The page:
2. In November 2017 MPs voted against an amendment to the Withdrawal Bill which would have recognised animals as sentient in UK law. After the following media and public backlash, the Government rapidly produced a draft Animal Welfare (Sentience and Sentencing) Bill, with the aim of recognising animal sentience and maintaining animal protections currently provided by EU law. Following some feedback from the Environment Food and Rural Affairs Select Committee (EFRA) the Government then withdrew the Bill in Spring 2018 in order to put further thought into the detail of sentience part of the text. The options available for to Government to now pass into law recognition of animal sentience, and a duty to pay all due regard to animals’ welfare needs in policy making, are to return to a stand-alone Animal Welfare (Sentience and Sentencing Bill), or to pass the measures as amendments to an existing Bill (e.g. Withdrawal or Environment Bill).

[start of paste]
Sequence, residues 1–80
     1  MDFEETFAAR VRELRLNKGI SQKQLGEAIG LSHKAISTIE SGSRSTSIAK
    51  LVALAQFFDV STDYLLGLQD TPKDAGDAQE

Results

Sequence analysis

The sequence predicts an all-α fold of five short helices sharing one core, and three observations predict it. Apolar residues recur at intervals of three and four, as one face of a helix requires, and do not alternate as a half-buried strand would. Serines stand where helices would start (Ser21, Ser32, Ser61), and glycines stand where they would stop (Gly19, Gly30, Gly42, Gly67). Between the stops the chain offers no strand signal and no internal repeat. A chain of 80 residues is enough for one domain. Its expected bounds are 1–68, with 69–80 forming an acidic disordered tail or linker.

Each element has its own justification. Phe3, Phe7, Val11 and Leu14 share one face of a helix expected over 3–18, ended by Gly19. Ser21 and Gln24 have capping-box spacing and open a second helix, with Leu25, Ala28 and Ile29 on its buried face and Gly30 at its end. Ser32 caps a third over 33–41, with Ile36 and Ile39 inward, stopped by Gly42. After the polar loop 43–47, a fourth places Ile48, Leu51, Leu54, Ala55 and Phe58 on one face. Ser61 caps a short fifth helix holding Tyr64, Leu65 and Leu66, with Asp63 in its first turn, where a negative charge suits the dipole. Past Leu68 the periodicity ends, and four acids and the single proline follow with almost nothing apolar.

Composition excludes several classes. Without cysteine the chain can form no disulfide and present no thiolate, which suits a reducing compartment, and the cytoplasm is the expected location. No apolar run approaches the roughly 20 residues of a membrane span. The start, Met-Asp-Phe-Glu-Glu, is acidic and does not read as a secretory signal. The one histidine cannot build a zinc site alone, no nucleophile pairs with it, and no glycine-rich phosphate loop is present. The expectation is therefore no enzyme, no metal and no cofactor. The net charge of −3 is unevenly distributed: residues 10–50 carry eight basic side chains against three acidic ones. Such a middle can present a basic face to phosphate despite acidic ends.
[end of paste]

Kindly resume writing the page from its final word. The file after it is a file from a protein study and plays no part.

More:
3. Animal sentience legislation is vital to properly recognise the scientific evidence that many animals are sentient, can experience the world around them and can feel pain, suffering, and pleasure, and are not mere objects or commodities.
  4. All figures, unless otherwise stated, are from YouGov Plc. Total sample size was 1,825 adults. Fieldwork was undertaken between 4-5 February 2019. The survey was carried out online. The figures have been weighted and are representative of all GB adults (aged 18+). The full results can be viewed here. YouGov is a member of the British Polling Council and abides by their rules.
  5. The Welsh Government also confirmed that they would support the UK Government’s sentience Bill to ensure protections for animals in Wales.